Some drugmakers are offering patients debit cards to sidestep these programs, as it is more difficult to track these than, say, a coupon that a pharmacy must process, says Melinda Haren, a senior consultant at Zitter Insights. Companies also could offer rebate programs by which the patient pays out-of-pocket for a drug and then is reimbursed.

A few manufacturers are speaking with payers about contracting to exclude their drugs from these programs. But some legal risk exists with this approach because “money paid to patients doesn’t count toward the calculation for best price because it’s going to the patient, not the payer,” says Haren. In contrast, when manufacturers contract with payers, those details are “likely reportable under best price,” she says, acknowledging that this is a “gray area” for drugmakers.

Radar On Market Access: Insurer Tools Aim to Help Members Save on Prescription Drugs

April 4, 2019

As many Americans continue to struggle to afford their medications, health insurers and their PBMs are responding with tools that help consumers not only understand the cost of drugs before prescriptions are filled, but also find ways to spend less money on them, AIS Health reported.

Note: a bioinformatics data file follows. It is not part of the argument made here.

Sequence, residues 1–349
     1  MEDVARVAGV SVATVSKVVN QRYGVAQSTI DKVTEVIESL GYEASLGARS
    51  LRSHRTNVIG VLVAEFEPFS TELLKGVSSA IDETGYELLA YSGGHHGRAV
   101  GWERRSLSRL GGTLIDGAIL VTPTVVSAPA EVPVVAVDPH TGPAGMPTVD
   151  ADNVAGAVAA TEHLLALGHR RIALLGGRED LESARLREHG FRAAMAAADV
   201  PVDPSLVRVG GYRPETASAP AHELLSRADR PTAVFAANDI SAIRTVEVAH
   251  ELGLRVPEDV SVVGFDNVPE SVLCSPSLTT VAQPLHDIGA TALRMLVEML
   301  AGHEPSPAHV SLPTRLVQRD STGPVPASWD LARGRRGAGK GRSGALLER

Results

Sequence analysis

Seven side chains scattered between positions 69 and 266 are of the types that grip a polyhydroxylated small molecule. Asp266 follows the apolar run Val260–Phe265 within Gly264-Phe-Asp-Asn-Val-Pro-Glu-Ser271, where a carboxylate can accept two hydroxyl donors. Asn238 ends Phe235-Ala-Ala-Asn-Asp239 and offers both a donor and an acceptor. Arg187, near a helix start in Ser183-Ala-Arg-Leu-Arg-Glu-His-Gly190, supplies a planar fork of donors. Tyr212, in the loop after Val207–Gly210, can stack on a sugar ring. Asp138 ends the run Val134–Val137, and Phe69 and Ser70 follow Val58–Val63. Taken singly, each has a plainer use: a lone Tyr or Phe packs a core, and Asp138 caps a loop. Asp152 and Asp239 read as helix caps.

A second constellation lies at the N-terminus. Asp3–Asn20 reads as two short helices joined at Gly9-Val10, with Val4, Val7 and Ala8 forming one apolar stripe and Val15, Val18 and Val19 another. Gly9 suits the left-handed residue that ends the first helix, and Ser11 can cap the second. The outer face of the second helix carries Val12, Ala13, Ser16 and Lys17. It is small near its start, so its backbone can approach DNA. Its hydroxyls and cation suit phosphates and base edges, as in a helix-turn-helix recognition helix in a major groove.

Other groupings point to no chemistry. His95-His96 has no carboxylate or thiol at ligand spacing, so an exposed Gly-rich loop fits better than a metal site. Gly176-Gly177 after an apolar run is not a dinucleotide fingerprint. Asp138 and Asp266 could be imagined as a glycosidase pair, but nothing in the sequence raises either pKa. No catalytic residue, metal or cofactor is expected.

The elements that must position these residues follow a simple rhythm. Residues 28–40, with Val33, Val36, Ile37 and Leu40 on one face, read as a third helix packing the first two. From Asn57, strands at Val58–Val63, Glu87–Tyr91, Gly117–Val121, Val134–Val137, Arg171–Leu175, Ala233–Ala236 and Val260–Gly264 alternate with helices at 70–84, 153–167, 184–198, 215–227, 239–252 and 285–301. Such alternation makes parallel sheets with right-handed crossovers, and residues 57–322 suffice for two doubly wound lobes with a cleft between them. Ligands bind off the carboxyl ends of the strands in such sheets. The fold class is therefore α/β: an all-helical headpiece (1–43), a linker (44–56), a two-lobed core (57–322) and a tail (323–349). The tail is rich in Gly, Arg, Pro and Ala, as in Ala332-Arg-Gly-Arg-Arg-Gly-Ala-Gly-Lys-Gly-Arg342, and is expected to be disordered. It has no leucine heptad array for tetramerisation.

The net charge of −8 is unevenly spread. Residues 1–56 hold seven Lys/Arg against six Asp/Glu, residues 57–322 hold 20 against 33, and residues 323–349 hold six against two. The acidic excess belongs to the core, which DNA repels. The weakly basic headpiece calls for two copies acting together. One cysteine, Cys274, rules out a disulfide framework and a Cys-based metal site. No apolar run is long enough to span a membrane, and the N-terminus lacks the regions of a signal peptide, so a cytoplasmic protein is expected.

As many Americans continue to struggle to afford their medications, health insurers and their PBMs are responding with tools that help consumers not only understand the cost of drugs before prescriptions are filled, but also find ways to spend less money on them, AIS Health reported.

However payers choose to design such tools, two keys to their success include making improvements over time and making sure members know about them before they might need them, according to Nathan Foco, senior director of market and sales intelligence for Michigan-based Priority Health.

In late 2017, Priority Health began adding prescription drugs into its Cost Estimator tool to help members understand what they will pay for a prescription and how they could pay less by switching to a lower-priced alternative or opting for home delivery. Use of the prescription drug portion of the Cost Estimator has also increased since it was first rolled out, according to Foco.

“Like a lot of experiences like this, it takes a little while to get going,” he says. “You really can’t undercut the effort that you need to put into promoting and engaging members in the tool.”

Priority Health is not the only payer to offer tools that promote drug-cost transparency. Others include:

Cigna Corp., which in February said its network of health care providers will now have access to Surescripts’ Real-Time Prescription Benefit Tool, which gives them patient-specific medication coverage and cost information within their electronic health record or e-prescribing platform.

Blue Cross Blue Shield of Louisiana in February launched a tool called Rx Savings Solutions, which connects securely with members’ drug claim records and prepares a personalized prescription savings plan for them.

Aetna Inc. offers a tool that provides members with “real-time/moment-in-time drug pricing based on their benefit and status of their deductible,” according to a company spokesperson.

UnitedHealth Group’s OptumRx offers tools that allow enrollees to compare drug costs between generic and brand drugs, identify the lowest-cost option at an in-network retail pharmacy, or enroll in less-expensive home delivery of medications.